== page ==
The sleep recording involved a full sleep assessment including EEG, EOG, EMG, ECG, airflow, snore, respiratory effort, oxygen saturation, body position, and pulse rate and pulse waveform. A simple system for EEG monitoring was designed by the Neurozone MSH Inc., Canada. The EEG system used in this study allows for identical scoring as the standard polysomnography (PSG). M1 and M2 electrodes were placed over the left and right mastoid process, respectively. FZ, a reference for M1 and M2, was placed in the middle of the forehead. Left and right standard EOG channels were applied. The EOG channels were referenced to the contralateral mastoid site (M1 and M2). In addition, two standard chin EMG electrodes were applied over the mentalis and submentalis muscles. For leg muscle activity, two standard limb movement sensors were placed on each leg. The limb sensors were placed symmetrically, two centimeters apart, over the tibialis anterior muscle. Modified Limb II and V1 standard ECG electrodes were applied. A nasal pressure transducer was used to monitor airflow and snore. Dual thoracoabdominal respiratory inductance plethysmography (RIP) sensors were used to monitor respiratory effort during the study. For monitoring oxygen saturation, we used a pulse oximeter probe with a maximum acceptable signal averaging time of ≤3 seconds at a heart rate of 80 beats per minutes. Moreover, the unit includes an internal position sensor that records patients’ body position during sleep.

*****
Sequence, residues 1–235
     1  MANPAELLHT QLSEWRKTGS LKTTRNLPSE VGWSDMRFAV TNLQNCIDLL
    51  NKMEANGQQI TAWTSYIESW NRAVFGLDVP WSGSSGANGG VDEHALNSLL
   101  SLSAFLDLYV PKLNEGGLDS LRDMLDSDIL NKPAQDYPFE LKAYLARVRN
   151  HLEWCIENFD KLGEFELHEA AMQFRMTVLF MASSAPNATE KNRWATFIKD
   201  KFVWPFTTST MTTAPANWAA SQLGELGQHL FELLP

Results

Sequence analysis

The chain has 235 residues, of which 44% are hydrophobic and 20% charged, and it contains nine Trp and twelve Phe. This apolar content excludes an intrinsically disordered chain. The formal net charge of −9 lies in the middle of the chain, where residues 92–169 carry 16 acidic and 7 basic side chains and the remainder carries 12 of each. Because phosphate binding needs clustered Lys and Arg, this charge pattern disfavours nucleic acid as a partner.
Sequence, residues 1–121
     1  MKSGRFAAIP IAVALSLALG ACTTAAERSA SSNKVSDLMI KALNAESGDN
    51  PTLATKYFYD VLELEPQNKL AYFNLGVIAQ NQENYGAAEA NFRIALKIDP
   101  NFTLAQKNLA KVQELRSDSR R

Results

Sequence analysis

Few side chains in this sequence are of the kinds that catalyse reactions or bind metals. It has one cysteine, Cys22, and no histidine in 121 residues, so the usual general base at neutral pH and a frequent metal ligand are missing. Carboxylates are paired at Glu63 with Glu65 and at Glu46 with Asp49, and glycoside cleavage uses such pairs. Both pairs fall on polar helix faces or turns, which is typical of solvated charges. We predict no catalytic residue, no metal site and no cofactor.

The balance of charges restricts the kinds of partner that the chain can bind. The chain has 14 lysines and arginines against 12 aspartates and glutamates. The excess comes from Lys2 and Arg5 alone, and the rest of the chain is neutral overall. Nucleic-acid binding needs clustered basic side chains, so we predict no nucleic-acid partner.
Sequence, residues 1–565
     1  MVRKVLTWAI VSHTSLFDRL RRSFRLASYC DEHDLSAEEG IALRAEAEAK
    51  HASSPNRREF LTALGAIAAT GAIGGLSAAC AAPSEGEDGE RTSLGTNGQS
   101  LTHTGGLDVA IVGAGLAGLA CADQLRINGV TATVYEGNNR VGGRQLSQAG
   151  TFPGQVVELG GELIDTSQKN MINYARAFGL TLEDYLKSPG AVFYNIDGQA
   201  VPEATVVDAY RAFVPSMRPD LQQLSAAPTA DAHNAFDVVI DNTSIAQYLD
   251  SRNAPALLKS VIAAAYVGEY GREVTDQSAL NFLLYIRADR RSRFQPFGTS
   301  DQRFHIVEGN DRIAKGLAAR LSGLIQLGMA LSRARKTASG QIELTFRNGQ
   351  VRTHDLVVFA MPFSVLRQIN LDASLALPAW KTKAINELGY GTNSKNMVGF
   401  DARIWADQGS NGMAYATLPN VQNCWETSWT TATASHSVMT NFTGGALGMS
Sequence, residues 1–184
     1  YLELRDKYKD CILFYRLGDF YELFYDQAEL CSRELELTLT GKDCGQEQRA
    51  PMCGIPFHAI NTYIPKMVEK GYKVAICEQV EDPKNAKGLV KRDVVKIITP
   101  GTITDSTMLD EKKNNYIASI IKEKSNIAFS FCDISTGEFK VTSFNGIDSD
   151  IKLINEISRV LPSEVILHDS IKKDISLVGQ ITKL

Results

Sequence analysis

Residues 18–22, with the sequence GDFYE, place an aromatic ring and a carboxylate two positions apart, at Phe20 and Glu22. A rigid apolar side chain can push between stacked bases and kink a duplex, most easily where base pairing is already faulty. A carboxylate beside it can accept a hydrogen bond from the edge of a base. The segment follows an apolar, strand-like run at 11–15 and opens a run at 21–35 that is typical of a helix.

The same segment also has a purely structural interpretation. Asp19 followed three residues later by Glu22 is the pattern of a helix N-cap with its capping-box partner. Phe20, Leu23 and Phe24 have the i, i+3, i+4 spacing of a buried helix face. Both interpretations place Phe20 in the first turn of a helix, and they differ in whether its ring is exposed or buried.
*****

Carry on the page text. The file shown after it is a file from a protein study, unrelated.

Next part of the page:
The ESPRIT NOVA client access (v1.1.402) software was utilized for automatic analysis of polysomnogram data. Further, the studies were manually scored, and the automated analysis was edited by a qualified sleep technologist. The scoring of each night was done independently, and scorers were blinded to patients’ identification information and to the results of the first night of the home sleep test. The sleep studies were reviewed and approved by a sleep specialist. The standard AASM criteria for scoring and interpretation of PSG data were followed.

2.3. Statistical Analysis

Nonparametric Mann–Whitney test was used to compare means of the sleep parameters between patients with and without OSA. Nonparametric Wilcoxon Signed Ranks Test for matched pairs was used to detect differences between the first and second nights of ambulatory sleep testing. Bland-Altman plot was constructed to investigate the existence of any systematic bias between the overall AHI of the first and second night and to identify possible outliers. One sample -test was used to detect if there is a significant difference between the two measurements (AHI1 and AHI2). A linear regression analysis was performed to determine if there is a linear trend of proportional bias above or below the mean difference line of Bland-Altman plot. The difference between AHI1 and AHI2 was the dependent variable and the mean AHI was the independent variable. The test-retest reliability was assessed using the interclass correlation coefficient (ICC) based on two-way random effects model for single measures (absolute agreement).

3. Results

3.1. Population Characteristics